BerGenBio AS Reports Promising BGB324 Phase I/II Monotherapy Data In Patients With Lung Cancer At The EORTC-NCI-AACR Molecular Targets And Cancer Therapeutics Symposium
11/29/2016 8:17:31 AM
Long term disease stabilisation observed highlighting importance of AXL in NSCLC
Bergen, Norway, November 29, 2016 – BerGenBio AS (“BerGenBio” or the “Company”), a clinical stage biotechnology company focused on the development of novel cancer therapeutics, announced that clinical data from its lead product candidate BGB324, a first-in-class selective Axl kinase inhibitor, was presented today at the 28th EORTC-NCI-AACR Molecular Targets and Cancer Therapeutics Symposium Meeting in Munich.
The data demonstrated that BGB324 can be safely administered to patients with advanced non-small cell lung cancer (NSCLC) at doses that achieve durable disease control. The demonstrated tolerability and clinical activity indicate a unique mechanism-of-action of BGB324 in patients with NSCLC. BerGenBio is now analysing data from the erlotinib combination therapy arm of the study.
“Following this promising monotherapy data, we are now analysing the effects of erlotinib in combination with BGB324 in patients with EGFR-driven NSCLC and expect to present the results before the end of 2017,” said Richard Godfrey, Chief Executive Officer of BerGenBio. “We believe these data further demonstrate the importance of targeting AXL in lung cancer treatment strategies.”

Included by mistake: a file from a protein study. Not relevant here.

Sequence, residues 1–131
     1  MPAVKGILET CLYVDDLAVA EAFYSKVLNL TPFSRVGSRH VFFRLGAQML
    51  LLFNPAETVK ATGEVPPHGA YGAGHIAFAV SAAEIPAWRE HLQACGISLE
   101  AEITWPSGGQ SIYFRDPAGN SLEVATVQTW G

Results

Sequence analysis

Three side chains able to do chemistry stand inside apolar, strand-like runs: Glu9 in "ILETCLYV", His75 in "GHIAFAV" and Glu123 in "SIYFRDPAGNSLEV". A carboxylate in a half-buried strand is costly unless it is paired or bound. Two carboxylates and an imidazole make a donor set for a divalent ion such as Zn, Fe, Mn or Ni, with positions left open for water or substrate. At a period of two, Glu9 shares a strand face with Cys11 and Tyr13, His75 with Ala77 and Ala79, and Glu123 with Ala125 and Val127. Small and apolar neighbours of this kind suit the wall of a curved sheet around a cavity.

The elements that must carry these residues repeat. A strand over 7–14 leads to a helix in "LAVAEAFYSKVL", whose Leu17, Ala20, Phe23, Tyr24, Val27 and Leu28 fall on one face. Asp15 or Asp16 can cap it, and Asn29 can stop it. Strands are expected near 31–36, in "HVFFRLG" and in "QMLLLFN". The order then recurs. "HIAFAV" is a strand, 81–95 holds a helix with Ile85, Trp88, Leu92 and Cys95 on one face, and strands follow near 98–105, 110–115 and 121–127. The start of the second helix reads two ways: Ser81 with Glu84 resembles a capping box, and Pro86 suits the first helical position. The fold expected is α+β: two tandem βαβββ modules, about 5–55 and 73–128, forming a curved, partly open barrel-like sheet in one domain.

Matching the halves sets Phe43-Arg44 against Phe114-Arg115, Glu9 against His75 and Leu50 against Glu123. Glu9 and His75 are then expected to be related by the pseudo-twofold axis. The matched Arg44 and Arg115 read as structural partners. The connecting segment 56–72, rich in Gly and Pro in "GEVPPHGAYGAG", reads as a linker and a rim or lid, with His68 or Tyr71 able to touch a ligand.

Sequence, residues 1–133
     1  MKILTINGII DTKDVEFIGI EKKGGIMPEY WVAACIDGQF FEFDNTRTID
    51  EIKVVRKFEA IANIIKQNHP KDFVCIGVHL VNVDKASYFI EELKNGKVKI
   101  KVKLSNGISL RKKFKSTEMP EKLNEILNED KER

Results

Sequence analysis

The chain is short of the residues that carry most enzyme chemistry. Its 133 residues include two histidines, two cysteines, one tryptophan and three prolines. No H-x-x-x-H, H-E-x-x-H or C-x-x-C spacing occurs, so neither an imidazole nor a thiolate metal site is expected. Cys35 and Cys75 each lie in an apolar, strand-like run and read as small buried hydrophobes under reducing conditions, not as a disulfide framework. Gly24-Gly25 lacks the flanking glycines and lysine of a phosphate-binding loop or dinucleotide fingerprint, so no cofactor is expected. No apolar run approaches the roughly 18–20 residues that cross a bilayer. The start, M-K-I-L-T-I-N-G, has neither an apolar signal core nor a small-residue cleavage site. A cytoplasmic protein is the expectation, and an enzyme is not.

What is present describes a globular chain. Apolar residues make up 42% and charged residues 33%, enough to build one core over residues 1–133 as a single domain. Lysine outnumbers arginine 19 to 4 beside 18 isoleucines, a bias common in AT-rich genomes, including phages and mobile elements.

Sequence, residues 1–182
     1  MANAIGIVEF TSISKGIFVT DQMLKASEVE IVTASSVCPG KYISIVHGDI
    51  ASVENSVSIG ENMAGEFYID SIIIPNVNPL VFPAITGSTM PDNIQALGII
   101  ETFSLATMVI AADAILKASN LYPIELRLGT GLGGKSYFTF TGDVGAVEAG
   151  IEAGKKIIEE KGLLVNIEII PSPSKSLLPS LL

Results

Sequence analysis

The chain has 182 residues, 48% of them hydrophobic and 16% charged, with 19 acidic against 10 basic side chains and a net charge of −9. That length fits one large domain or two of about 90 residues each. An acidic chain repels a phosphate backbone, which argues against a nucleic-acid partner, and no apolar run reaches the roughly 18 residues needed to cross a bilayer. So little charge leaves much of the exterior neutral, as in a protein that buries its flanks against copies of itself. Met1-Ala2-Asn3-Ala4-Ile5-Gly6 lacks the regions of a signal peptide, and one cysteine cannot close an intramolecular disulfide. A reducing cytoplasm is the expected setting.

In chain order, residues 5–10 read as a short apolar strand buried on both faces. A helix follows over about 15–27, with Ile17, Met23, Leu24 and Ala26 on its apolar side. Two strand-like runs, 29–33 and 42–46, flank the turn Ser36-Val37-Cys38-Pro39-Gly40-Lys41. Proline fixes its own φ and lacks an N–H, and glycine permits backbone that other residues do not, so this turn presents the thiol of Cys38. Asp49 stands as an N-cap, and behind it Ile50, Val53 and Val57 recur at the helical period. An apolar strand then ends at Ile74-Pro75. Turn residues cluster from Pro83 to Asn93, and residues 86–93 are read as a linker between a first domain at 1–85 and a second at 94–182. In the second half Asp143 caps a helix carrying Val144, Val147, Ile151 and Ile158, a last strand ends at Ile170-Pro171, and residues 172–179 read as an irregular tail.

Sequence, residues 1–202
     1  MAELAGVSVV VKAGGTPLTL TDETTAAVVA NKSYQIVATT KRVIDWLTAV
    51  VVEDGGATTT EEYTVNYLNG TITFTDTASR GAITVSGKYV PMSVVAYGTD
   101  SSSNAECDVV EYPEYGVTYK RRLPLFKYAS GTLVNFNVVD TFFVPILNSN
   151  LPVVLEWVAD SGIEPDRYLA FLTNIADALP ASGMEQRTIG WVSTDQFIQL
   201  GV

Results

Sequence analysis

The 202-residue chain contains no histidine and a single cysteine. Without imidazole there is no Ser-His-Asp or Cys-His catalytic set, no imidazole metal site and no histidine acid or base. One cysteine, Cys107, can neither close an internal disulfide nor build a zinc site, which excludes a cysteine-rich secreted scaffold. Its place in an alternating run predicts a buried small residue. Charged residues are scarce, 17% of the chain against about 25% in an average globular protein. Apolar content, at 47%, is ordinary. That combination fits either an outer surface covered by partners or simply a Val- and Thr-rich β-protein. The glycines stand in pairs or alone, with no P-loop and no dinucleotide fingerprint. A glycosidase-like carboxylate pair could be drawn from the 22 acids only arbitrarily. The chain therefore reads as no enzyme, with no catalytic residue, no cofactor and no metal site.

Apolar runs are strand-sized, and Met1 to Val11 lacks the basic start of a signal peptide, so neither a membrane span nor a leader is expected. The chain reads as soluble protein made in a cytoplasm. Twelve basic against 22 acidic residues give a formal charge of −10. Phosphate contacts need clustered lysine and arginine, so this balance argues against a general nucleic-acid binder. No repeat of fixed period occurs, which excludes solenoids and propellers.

Dr. Lauren Byers, Assistant Professor in the Department of Thoracic/Head and Neck Medical Oncology at The University of Texas MD Anderson Cancer Center in Houston presented a poster entitled: A Phase I/II and pharmacokinetic study of BGB324, a selective AXL inhibitor as monotherapy and in combination with erlotinib in patients with advanced Non-Small Cell Lung Cancer (NSCLC) as part of the session "Molecular Targeted Agents I".
In the study, BGB324 was administered at an oral loading dose (600 mg) on days one and two, followed by a daily maintenance dose (200 mg) to eight patients with previously treated advanced NSCLC. Two of the eight patients achieved stable disease for at least nine months. Treatment was well tolerated with no patients discontinuing therapy as a result of toxicities. Exposure to BGB324 was accompanied by increases in patient plasma levels of soluble AXL receptor, an important pharmacodynamic readout.
“It is very encouraging that BGB324 was well tolerated and showed clinical activity as a monotherapy in this heavily pre-treated lung cancer population,” commented Dr. Byers. “This supports the central role of AXL in lung cancer, and I am looking forward to advancing the BGB324-erlotinib combination study arm. BGB324 could become a new treatment option in NSCLC.”
BGB324 is the only selective AXL inhibitor currently in clinical development. In addition to the erlotinib combination study, Phase Ib clinical trials are underway with BGB324 as single agent and in combination in acute myeloid leukaemia (AML) as well as in combination with docetaxel in non-small cell lung cancer (NSCLC).
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